root, run the following command:
Both commands also accept the
last keyword to undo or repeat the latest transaction.
Note that both dnf history undo and dnf history redo commands merely revert or repeat the steps that were performed during a transaction, and will fail if the required packages are not available. For example, if the transaction installed a new package, the dnf history undo command will uninstall it and also attempt to downgrade all updated packages to their previous version, but the command will fail if the required packages are not available.
Configuring DNF and DNF Repositories
The configuration file for DNF and related utilities is located at
/etc/dnf/dnf.conf. This file contains one mandatory
[main] section, which allows you to set DNF options that have global effect, and may also contain one or more
[repository] sections, which allow you to set repository-specific options. However, it is recommended to define individual repositories in new or existing
.repo files in the
/etc/yum.repos.d/ directory. The values you define in individual
[repository] sections of the
/etc/dnf/dnf.conf file override values set in the
This section shows you how to:
set global DNF options by editing the
[main]section of the
set options for individual repositories by editing the
.repofiles in the
use DNF variables in
/etc/dnf/dnf.confand files in the
/etc/yum.repos.d/directory so that dynamic version and architecture values are handled correctly;
add, enable, and disable DNF repositories on the command line; and,
set up your own custom DNF repository.
Setting [main] Options
/etc/dnf/dnf.conf configuration file contains exactly one
[main] section, and while some of the key-value pairs in this section affect how dnf operates, others affect how DNF treats repositories.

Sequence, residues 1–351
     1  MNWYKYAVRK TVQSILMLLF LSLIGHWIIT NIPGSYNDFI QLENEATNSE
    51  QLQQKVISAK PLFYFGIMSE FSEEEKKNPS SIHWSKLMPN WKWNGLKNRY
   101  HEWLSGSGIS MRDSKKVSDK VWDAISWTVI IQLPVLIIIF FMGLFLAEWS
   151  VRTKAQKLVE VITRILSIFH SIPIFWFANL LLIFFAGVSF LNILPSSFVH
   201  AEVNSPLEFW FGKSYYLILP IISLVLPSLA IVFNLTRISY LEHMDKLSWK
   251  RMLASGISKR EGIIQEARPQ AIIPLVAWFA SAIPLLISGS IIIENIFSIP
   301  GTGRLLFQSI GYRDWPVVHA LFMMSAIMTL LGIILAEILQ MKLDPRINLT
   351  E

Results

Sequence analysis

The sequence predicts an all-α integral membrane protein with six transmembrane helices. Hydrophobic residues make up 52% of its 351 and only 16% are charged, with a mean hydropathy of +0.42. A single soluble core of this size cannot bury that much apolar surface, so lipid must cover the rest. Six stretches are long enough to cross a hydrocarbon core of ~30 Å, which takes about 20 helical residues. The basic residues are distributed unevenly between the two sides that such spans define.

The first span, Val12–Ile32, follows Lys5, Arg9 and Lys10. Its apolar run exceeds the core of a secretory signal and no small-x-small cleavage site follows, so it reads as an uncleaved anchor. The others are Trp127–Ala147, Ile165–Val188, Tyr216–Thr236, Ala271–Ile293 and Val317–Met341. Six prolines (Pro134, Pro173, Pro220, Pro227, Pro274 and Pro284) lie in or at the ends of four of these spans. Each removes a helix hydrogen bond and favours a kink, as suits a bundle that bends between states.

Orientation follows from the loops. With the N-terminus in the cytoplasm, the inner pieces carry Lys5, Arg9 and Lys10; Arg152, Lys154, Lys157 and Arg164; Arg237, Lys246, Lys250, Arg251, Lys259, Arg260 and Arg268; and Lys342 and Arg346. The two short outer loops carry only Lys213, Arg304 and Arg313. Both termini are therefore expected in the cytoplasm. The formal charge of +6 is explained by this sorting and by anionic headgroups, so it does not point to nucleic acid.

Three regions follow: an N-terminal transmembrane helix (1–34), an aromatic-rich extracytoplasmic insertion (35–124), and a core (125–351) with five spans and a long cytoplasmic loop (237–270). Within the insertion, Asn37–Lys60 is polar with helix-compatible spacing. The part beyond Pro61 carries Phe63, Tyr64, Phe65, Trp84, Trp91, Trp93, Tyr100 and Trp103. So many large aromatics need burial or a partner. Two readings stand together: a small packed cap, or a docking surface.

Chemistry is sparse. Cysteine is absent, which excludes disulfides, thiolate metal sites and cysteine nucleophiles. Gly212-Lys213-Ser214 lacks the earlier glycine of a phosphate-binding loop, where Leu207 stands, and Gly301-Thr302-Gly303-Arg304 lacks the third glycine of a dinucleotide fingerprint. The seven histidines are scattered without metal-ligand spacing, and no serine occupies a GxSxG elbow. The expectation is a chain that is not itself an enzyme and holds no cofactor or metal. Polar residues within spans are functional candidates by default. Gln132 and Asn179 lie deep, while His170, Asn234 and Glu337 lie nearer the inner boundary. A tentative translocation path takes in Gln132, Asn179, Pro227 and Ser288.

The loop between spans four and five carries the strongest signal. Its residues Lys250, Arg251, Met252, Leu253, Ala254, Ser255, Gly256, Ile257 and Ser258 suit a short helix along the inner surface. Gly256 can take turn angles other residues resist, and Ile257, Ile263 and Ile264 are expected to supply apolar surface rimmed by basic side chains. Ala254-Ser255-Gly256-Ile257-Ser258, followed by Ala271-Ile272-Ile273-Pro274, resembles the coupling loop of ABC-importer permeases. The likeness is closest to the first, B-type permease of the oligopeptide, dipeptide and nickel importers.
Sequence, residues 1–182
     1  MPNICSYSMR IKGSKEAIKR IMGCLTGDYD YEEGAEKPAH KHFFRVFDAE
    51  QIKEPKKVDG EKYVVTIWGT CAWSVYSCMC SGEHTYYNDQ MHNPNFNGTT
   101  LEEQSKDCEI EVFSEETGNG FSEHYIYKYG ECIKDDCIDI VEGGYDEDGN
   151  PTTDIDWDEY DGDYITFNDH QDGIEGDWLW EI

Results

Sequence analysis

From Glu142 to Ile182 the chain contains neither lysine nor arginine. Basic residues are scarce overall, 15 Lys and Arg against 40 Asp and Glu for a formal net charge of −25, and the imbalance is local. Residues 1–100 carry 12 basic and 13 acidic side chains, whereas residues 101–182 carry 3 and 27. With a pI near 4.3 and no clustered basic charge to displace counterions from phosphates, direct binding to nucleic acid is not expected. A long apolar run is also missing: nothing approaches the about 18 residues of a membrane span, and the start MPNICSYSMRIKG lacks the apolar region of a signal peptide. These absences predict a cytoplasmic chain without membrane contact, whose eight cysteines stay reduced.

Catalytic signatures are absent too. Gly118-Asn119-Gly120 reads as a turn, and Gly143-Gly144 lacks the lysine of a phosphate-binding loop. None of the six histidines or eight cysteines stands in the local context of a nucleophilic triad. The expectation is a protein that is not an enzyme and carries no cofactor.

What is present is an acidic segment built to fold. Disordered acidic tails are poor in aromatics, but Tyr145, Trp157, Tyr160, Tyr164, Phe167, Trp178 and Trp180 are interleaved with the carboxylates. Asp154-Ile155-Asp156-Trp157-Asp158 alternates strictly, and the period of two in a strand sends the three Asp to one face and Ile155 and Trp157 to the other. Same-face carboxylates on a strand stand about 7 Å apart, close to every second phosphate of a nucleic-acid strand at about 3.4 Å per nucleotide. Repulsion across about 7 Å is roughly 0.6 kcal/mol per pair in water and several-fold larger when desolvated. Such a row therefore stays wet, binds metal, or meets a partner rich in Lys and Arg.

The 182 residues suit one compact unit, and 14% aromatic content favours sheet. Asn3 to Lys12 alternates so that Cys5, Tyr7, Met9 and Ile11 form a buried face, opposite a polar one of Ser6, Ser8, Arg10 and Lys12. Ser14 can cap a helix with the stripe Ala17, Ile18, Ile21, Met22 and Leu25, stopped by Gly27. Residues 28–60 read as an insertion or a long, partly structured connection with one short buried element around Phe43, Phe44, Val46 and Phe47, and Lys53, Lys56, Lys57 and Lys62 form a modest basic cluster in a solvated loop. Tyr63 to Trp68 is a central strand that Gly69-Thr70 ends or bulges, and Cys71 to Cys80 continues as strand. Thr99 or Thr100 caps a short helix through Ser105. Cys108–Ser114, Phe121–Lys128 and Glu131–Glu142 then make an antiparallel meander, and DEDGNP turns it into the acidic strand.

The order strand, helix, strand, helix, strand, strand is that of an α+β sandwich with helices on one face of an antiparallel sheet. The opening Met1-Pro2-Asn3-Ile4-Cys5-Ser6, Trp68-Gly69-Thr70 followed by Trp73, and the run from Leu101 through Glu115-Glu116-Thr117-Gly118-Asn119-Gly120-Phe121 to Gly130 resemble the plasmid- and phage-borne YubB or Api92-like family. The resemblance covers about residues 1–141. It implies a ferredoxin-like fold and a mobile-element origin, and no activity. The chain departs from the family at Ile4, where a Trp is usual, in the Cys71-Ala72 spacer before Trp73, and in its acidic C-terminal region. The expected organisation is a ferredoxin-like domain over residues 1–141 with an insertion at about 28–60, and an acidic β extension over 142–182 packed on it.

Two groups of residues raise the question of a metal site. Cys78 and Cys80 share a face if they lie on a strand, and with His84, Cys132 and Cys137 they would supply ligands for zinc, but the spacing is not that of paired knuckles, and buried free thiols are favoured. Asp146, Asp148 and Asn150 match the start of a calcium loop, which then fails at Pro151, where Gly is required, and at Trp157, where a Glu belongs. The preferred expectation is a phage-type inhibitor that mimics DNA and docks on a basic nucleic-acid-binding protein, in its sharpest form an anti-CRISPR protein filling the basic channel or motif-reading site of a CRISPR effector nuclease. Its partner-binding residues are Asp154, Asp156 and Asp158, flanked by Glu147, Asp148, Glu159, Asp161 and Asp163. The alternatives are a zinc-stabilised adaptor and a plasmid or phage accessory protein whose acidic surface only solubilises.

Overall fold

You can add many additional options under the
[main] section heading in
/etc/dnf/dnf.conf configuration file can look like this:
[main] gpgcheck=1 installonly_limit=3 clean_requirements_on_remove=true
The following are the most commonly-used options in the
…where value is an integer between
10. Setting a higher
debuglevelvalue causes dnf to display more detailed debugging output.
debuglevel=0disables debugging output, and
debuglevel=2is the default.
This option allows you to exclude packages by keyword during installation and updates. Listing multiple packages for exclusion can be accomplished by quoting a space-delimited list of packages. Shell globs using wildcards (for example,
?) are allowed.
…where value is one of:
0— Disable GPG signature-checking on packages in all repositories, including local package installation.
1— Enable GPG signature-checking on all packages in all repositories, including local package installation.
gpgcheck=1is the default, and thus all packages' signatures are checked.
If this option is set in the
[main]section of the
/etc/dnf/dnf.conffile, it sets the GPG-checking rule for all repositories. However, you can also set
gpgcheck=valuefor individual repositories instead; you can enable GPG-checking on one repository while disabling it on another. Setting
gpgcheck=valuefor an individual repository in its corresponding
.repofile overrides the default if it is present in
For more information on GPG signature-checking, refer to Checking Package Signatures.
installonlypkgs=space separated list of packages
Here you can provide a space-separated list of packages which dnf can install, but will never update. See the dnf.conf(5) manual page for the list of packages which are install-only by default.
If you add the
/etc/dnf/dnf.conf, you should ensure that you list all of the packages that should be install-only, including any of those listed under the
installonlypkgssection of dnf.conf(5). In particular, kernel packages should always be listed in
installonlypkgs(as they are by default), and
installonly_limitshould always be set to a value greater than
2so that a backup kernel is always available in case the default one fails to boot.
…where value is an integer representing the maximum number of versions that can be installed simultaneously for any single package listed in the
The defaults for the
installonlypkgsdirective include several different kernel packages, so be aware that changing the value of
installonly_limitwill also affect the maximum number of installed versions of any single kernel package. The default value listed in
installonly_limit=3, and it is not recommended to decrease this value, particularly below
…where value is one of:
0— Do not retain the cache of headers and packages after a successful installation. This is the default.